Edward Elgar’s Masque The Crown of India
Resonances of the Raj at the London Coliseum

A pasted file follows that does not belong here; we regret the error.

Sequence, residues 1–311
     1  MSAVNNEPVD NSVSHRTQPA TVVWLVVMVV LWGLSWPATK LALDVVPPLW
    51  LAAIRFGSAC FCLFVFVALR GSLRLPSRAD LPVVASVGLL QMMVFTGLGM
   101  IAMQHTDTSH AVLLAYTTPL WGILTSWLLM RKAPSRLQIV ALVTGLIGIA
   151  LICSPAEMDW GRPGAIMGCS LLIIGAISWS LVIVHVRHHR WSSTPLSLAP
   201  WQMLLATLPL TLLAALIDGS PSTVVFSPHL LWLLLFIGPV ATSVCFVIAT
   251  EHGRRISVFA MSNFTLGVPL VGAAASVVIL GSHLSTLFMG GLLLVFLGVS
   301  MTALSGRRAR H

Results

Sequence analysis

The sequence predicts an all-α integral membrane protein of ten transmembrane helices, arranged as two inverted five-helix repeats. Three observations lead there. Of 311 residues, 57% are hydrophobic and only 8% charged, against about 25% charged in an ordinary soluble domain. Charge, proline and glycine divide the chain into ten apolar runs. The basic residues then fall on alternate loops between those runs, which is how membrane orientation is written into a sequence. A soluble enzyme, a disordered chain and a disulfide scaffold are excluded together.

The music for The Crown of India was written by Edward Elgar in 1912 to accompany an ‘Imperial Masque’ with a libretto by Henry Hamilton. The impresario Sir Oswald Stoll had commissioned Elgar to compose the Masque music for the lavish celebration of the coronation of King George V as Emperor of India as part of a larger entertainment in the Coliseum Theatre in St. Martin’s Lane. The Masque was part of an ample music-hall programme, involving shows as different as mime, pantomime and music. Elgar’s ‘Imperial Masque’ was meant to be an assertion of the British Empire, bringing to the London stage the crucial political happenings behind all the pageantry of the Delhi Durbar for the crowning of George V as Emperor of India in December 1911. This event had marked the climax of the only royal tour of India undertaken by a reigning King-Emperor and had caused much public excitement in England. The Durbar ceremony itself was an adaptation of a court ritual of the Mogul Empire, an event where the ruling princes used to meet to discuss politics and legislative changes. To listen to works such as Elgar’s The Crown of India (Opus 66), it is necessary to acknowledge that at the beginning of the 20th century the British nation believed in the Empire and in its concept.